Chicago Blues Fest 2019 In Review [Part Two]

By: Howard Greenblatt

If you're starting here, you came in the middle of the story.  Check out Part One here.

Born in 1935, Mary Lane knew (and sang with) greats like Howlin’ Wolf, Otis Rush and Elmore James, but her greatest success may be yet to come with the recent release of her hot new CD Travelin’ Woman.


At the Festival and on the CD, the No Static Band’s two guitar players, Michael Alkaraki and Minoru Maruyama exchange tasty licks while Mary’s husband, Jeffrey Labon holds down the bass.

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Toronzo Cannon burst onto the Chicago Blues scene with his electrifying performance at the 2015 Chicago Blues Festival. He then signed with Alligator Records where he recorded his hit CD The Chicago Way.


Cannon has collected experiences as a CTA bus driver and shared them with his audiences through his music.

Look for his new CD due out later this year.


Roomful of Blues has been around for 50 years with a focus on playing big band blues. Previous incarnations of the band included powerhouse guitar player Ronnie Earl, Duke Robillard, Curtis Salgado and many more.

They are known for swing, jump blues, boogie, and old-fashioned rock-n-roll.


“You can’t hear this kind of music nowhere but right here”. 

That’s what they say in the Hill Country of North Mississippi, but we heard it at the Chicago Blues Festival when RL Boyce and Lightnin’ Malcom took the stage.

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Their sound is a repetitive, hypnotic marriage of rhythm and beat that mesmerizes audiences wherever they play.


One of the bright, new faces of the blues coming out of Mississippi, guitar slinger Jarekus Singelton played a few songs with his band before he brought up on stage another young Mississippi powerhouse, harp player Grady Champion. Together they torched the Mississippi stage.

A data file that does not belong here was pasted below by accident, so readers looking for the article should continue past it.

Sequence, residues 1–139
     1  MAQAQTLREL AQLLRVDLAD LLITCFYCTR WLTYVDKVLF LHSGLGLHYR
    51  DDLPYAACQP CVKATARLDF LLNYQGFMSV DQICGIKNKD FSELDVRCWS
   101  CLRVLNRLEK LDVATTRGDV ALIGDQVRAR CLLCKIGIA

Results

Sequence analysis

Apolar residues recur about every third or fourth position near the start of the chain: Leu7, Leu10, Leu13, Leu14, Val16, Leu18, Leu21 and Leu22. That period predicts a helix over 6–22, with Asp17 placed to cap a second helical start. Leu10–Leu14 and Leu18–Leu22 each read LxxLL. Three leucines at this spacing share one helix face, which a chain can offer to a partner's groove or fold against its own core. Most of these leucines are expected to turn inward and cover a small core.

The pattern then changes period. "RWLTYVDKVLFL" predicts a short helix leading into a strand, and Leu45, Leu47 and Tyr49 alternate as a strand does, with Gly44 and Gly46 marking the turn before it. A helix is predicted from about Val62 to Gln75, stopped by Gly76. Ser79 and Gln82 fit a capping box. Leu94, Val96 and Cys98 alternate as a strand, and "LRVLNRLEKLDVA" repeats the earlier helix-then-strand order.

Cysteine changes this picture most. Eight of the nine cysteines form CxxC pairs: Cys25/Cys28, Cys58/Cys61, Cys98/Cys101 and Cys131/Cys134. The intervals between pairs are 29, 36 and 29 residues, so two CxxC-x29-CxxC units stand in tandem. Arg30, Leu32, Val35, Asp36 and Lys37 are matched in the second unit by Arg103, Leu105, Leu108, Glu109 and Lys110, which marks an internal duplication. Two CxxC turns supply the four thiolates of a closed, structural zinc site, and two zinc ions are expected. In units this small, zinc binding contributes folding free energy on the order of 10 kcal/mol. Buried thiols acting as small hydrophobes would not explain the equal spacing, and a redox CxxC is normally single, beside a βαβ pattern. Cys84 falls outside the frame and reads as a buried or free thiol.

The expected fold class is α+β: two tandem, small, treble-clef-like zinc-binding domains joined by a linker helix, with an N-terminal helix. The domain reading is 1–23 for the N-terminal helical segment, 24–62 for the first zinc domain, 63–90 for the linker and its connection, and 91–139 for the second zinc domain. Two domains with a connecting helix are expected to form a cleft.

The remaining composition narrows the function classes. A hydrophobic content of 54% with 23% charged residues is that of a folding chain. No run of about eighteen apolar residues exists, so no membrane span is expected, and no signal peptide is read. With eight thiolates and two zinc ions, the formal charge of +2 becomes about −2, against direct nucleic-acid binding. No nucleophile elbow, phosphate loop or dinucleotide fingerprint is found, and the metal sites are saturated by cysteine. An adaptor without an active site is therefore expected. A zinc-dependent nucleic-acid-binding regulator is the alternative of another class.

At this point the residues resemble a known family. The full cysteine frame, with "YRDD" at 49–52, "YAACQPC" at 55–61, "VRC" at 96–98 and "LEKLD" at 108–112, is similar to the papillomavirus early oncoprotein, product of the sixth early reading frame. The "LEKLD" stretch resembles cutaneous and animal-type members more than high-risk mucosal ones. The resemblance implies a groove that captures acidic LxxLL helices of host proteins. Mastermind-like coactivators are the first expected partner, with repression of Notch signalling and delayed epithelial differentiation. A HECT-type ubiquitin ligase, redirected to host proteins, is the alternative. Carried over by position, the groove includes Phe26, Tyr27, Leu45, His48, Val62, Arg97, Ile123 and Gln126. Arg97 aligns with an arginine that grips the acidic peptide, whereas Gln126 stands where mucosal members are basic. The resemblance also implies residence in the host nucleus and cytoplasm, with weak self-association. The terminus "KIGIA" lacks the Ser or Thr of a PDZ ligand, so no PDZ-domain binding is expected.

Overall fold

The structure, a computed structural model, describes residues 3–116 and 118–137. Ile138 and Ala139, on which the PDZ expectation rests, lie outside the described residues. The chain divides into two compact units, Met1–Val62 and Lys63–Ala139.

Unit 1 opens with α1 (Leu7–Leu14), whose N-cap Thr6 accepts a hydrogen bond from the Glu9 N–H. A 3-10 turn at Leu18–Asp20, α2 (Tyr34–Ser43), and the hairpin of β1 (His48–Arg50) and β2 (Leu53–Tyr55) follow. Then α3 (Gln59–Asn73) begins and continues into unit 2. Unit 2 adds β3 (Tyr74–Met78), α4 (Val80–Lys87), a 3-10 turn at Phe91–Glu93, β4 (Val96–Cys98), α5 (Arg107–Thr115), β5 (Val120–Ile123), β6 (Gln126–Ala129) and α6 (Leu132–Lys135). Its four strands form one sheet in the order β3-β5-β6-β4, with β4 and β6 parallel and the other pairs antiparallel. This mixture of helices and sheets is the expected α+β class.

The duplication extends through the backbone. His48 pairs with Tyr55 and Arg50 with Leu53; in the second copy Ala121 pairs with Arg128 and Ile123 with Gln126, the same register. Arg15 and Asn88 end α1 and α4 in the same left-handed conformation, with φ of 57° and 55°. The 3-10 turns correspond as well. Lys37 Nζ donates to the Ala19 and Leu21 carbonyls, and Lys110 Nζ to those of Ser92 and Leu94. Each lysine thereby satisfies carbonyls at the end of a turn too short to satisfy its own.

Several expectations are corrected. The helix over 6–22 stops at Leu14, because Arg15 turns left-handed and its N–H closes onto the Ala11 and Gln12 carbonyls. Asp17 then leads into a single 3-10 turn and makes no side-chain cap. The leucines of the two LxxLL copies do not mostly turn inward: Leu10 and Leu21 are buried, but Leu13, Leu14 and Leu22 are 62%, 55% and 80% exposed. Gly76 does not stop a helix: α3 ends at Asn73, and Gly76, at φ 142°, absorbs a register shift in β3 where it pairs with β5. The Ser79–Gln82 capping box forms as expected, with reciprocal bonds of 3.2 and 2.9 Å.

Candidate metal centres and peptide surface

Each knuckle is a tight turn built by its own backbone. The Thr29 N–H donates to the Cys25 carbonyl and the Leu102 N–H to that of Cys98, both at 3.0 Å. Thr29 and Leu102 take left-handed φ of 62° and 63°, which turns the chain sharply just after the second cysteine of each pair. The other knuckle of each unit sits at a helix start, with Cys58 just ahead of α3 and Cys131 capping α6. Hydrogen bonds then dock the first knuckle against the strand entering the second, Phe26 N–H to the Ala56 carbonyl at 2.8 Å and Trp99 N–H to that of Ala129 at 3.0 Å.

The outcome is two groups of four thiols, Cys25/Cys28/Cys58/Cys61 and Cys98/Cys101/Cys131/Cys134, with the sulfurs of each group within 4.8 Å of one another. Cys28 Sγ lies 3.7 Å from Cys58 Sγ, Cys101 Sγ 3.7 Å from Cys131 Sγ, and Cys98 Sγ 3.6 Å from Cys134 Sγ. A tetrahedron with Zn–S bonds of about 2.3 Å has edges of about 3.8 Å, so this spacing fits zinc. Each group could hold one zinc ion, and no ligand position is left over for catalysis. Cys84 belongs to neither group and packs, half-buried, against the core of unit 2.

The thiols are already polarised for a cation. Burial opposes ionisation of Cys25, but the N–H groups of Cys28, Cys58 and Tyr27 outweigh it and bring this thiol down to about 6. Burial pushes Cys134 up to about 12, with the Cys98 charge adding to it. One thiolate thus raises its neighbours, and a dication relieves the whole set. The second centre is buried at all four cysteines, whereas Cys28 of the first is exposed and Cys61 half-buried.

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Another child of Mississippi, Zac Harmon played blues around in his home town, Jackson, sitting in often with visiting musicians such as Z.Z. Hill and Dorothy Moore. In the early 80s he moved to LA and began a successful career as a writer and producer. Coming back to his roots, Zac returned to blues and in 2003 he self-produced an album, Live at Babe and Ricky’s Inn. His next album, The Blues According to Zachariah earned Zac a Blues Music Award for Best New Artist Debut.


The favorites of the Festival may very well have been sisters Rebecca and Megan Lovell, performing as Larkin Poe. The pair of musicians, Rebecca on lead vocals and electric guitar and Megan on vocals and lapsteel, look way too cute to play so nasty.

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The first Chicago Blues Festival, held in 1984, honored Muddy Waters who had died during the previous year.

Since then, Chicago Blues Festivals typically honor a Chicago Blues artist who had recently passed. The 2019 Festival honored Michael Ledbetter, a rising vocalist and guitarist who was tragically lost earlier this year. His family was on hand to accept a City of Chicago Proclamation from Mark Kelly, Commissioner of the City of Chicago’s Department of Cultural Affairs and Special Events.


Guitar player Monster Mike Welch and Mike Ledbetter were working to make the band they were in, The Welch Ledbetter Connection, a success. They played the Chicago Blues Festival Tribute to Otis Rush in 2016 to rave reviews.


They were good and their fans appreciated what they were doing. They got gigs, some at festivals, and generally enjoyed success.

Mike Ledbetter passed unexpectedly in January, 2019. Left to carry on, Monster Mike pulled together some friends and named the band The CONNECTION: Mike Welch and Friends. They played the Festival and sounded great!

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The recipient of a number of Blues Music Awards, Living Blues Awards, as well as many other honors, Ruthie Foster was chosen to close the festival on Sunday evening with a style that leaned away from traditional Blues towards soul.



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